Cosby's accuser files civil suit
Cosby comments on charges
NEW YORK (CNN) -- The Canadian woman who accused comedian Bill Cosby of drugging and then fondling her filed a civil lawsuit against the entertainer Tuesday.
The suit was filed in federal court in the Eastern District of Pennsylvania late Tuesday afternoon by the woman's attorney, Dolores Troiani.
Montgomery County District Attorney Bruce Castor announced in February that he would not file criminal charges against Cosby.
In a statement, he said, "Insufficient credible and admissible evidence exists upon which any charge against Mr. Cosby could be sustained beyond a reasonable doubt." (Full story)
His investigation began in January after the 31-year-old former Temple University employee met with Montgomery County detectives to detail events she alleged took place in Cosby's Cheltenham, Pennsylvania, home.
The woman, who lives in Ontario, Canada, initially reported the alleged incident on January 13 to police in Durham, Ontario, about 100 miles north of Toronto.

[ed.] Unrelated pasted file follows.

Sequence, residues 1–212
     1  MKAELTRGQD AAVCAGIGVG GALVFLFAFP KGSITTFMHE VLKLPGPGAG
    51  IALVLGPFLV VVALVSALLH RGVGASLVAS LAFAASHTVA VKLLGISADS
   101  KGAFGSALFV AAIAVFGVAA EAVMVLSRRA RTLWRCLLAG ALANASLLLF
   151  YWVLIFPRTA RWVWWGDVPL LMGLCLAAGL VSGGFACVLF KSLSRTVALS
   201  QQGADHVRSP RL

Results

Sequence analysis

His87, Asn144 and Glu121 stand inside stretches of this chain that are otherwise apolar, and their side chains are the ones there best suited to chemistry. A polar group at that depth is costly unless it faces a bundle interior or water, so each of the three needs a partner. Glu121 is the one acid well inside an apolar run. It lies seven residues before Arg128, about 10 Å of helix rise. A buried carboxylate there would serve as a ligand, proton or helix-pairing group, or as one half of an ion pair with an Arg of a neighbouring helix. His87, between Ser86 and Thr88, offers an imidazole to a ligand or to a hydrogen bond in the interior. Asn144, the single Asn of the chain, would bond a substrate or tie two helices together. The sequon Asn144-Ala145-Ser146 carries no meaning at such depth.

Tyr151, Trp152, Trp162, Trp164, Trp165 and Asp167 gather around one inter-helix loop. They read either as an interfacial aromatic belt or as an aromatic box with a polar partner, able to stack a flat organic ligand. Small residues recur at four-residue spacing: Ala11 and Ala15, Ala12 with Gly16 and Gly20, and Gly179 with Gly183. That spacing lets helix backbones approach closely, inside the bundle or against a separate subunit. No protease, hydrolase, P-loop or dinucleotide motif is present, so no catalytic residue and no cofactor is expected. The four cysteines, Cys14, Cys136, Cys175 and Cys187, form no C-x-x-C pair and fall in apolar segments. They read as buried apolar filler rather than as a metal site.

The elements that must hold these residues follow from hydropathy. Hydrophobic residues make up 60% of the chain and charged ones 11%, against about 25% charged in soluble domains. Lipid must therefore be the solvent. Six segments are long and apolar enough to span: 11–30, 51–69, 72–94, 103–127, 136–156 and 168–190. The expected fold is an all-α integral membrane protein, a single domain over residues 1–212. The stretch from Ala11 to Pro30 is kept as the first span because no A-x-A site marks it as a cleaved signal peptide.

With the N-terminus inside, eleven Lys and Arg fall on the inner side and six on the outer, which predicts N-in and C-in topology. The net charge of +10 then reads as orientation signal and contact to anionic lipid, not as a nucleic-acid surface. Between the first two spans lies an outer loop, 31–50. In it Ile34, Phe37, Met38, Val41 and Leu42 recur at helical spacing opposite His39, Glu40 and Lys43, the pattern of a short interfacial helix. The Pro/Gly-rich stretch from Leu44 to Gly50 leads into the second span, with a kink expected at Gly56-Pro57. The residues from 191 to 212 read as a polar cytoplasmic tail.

She alleged that in January 2004 Cosby gave her some medication that made her feel dizzy, then fondled her. She said she later woke up to find her bra undone and her clothes in disarray.
David Brokaw, a Cosby spokesman, told CNN on Tuesday that he has received no information on the lawsuit.
Cosby, 67, has always denied the allegations.
Cosby's attorney, Walter M. Phillips, Jr., has called the accuser's claims "utterly preposterous" and "plainly bizarre."
Cosby's accuser was an "acquaintance" of the comedian, Phillips said.
Cosby has made waves in recent months by accusing African-Americans of tolerating poor parenting, juvenile delinquency and coarse language among themselves.
Cosby made his name as a stand-up comedian with stories about growing up in Philadelphia.
He was the first black man to star in a drama series on American television, winning three Emmys for "I Spy." He voiced several characters on "Fat Albert and the Cosby Kids" in the 1970s, and later starred in the comedies "The Cosby Show" and "Cosby."